Wroclaw – possibly the best Polish major city

An exclaimer to begin with: as far as large Polish cities go, I’ve only visited Warsaw, Krakow, Wroclaw, and Poznan.

Wroclaw is the fourth largest Poland city, but in my eyes, it’s the sweetest of all. I believe there are two secret ingredients for this: balance and color (no, this is not another photography article!). This city manages to avoid the disadvantages of fellow Polish metropoles while being great in of itself.

Let me give you some examples.

 

1 – Main Square

Okay, let’s start with one of the biggest touristic clichés: the main square of the city. Regardless of Wroclaw, Polish cities, in general, have amazingly grand and lavish main squares sided with important landmarks. It’s a very similar concept to what you can find in Belgium, i.e. the “market square” (minus the Belgian’s belfries). Interestingly enough, the capital (Warsaw) doesn’t have such a huge and enticing market square (although compensating by having other attractions). In the other cities though, these squares are definitely their heart and soul.

The reasons why I say that Wroclaw’s main square is better than the others are rather simple. First, it’s the most colorful of all. Surely, Poznan’s iconic Merchant’s Houses are adorable, but they make only a small part of the square. In Wroclaw, the entire area is peppered with different pigments wherever you look. Second, it’s not overcrowded, while not being vacant. Let’s be fair for a moment: Krakow’s main square beats all of them in terms of size and grandeur. However, that comes at a price: for me, Krakow (in general, but particularly in the main square) is painfully overcrowded with tourism. On the other hand, Poznan is more conspicuous and with that also loses some of its hustle. And this is the kind of balance I meant earlier: Wroclaw sits perfectly between the two.

A panorama of the south side of the colorful Market Square.

2 – Landmark Distribution

This one’s a bit debatable, but I found that Wroclaw has a better ratio of “the length you need to walk to see the most landmarks“. Like most cities, Wroclaw features both a clear old town “ring” as well as attraction clusters, i.e. touristic areas outside of that ring. You can walk the center easily in a single day, and I imagine you can go from one end to the other in 15 minutes. Because of that, you can even use a single day’s time to visit one of those clusters. Plus, I also found architectural gems and impressing buildings all around the city not even present on the official tourism map. Which by the way, is a pretty badass move from the tourism board!

3 – Young Population

Albeit per capita Wroclaw is not the city with most students, I couldn’t help but feel the city has a very young vibe. I was able to witness multiple outdoor classes being attended in public parks, the city boasts a popular cable car between campuses and, above all, you don’t feel that population has been somehow “engineered”. For example, Krakow has many young people too, but I’d say much of that was at the cost of your run-of-the-mill drinking tourism and Erasmus academia.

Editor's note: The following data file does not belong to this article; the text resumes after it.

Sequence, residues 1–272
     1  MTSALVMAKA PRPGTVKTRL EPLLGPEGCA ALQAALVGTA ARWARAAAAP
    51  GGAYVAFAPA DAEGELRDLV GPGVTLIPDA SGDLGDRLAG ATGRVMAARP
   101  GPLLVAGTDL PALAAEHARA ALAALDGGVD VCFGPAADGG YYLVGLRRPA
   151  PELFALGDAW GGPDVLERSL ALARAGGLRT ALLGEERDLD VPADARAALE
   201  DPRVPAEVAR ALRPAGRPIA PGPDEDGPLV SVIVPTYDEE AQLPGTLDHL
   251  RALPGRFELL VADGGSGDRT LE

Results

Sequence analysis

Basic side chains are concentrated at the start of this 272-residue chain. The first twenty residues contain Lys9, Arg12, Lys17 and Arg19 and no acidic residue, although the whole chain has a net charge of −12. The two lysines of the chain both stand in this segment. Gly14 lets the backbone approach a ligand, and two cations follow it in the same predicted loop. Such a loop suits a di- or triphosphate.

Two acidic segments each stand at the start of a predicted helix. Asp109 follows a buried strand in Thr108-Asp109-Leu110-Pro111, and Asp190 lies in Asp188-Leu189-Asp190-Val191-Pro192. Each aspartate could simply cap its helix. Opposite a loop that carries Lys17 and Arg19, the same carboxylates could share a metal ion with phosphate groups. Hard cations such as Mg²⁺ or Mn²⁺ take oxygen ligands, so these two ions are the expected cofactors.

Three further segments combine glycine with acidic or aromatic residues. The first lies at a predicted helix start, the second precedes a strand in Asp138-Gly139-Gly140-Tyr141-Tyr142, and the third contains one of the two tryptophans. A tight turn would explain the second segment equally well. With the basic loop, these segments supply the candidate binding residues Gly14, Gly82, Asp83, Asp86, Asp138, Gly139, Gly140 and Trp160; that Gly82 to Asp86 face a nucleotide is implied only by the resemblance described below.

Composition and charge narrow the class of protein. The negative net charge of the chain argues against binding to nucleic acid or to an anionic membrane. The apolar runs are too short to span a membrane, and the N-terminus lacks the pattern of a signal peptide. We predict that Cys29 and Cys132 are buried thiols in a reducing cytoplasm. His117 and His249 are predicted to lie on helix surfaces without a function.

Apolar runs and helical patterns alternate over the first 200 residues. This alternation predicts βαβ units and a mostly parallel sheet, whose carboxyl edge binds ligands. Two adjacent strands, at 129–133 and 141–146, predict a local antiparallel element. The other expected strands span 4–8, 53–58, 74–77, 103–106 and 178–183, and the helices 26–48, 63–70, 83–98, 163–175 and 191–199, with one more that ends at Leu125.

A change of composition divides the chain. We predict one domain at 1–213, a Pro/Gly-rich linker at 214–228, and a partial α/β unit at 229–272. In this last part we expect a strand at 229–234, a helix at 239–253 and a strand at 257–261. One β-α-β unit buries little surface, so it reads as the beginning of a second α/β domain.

A picture of the front facade of the National Music Forum, one of the modern landmarks you can find outside of the old town ring.

4 – Canals

Now, who doesn’t like canals!? A very long U-shaped canal with many bridges blesses the area south of the old town. Admittedly, these are not “Amsterdamish” canals, so don’t expect colorful and decorated margins or rails. The trees that side the canals most of its length, while greening the city, cover much of the views. Still, the existence of a natural layer in the center balances the logical urban vibe of it. Not only that, but even the actual Oder river that crosses the city is, in many areas, divided in two. And of course, who can forget the amazingly cute islands to the north of the city? Interconnected by bridges and featuring everything from churches to parks and restaurants, they seem like tiny towns!

5 – Vantage Points

This one’s more for the photographers, but no one can deny that panoramic views are one of the classics of tourism. And this city features many options to do that, most of them inserted into religious buildings. The other cities do not offer as many, or as well located, panoramic views as Wroclaw. I would like to highlight three of them.

The left tower of the Cathedral of St. John the Baptist, offering amazing views of the “Cathedral Island” and north area of the city.

The observation tower of St. Elizabeth’s Church, perfect for watching the sunset over the horizon. It’s right by the main square and offers great views in all directions.

Lastly, the bridge platform between the towers of St. Mary Magdalene Church. The height here is probably the lowest of the three, and you have only a 180º viewing angle (the towers themselves obstruct the remainder). However, you’re given a premium and central view of the old town AND, most importantly, one that can include the sun setting over the entire city.

A picture of three disabled gnomes, one of the many you can “catch” in Wroclaw.

6 – The f#$%&=? gnomes!

Coolness level: over 1000. Wroclaw features a network of iron gnomes attached to the ground in various location around the city. With more than 400 in existence and growing in numbers, they’re all different and portray professions and other facets. I found this to be an extremely clever way to make people roam the city, sort of a city-geocaching type of adventure. There are even maps with their locations, although it’s much more exciting to just stumble upon them!

 

Wroclaw has even more places worthy of your visitation, such as the UNESCO Centennial Hall or the Miniature Museum, but a proper travel article has to make you do some of the homework, am I right?

 

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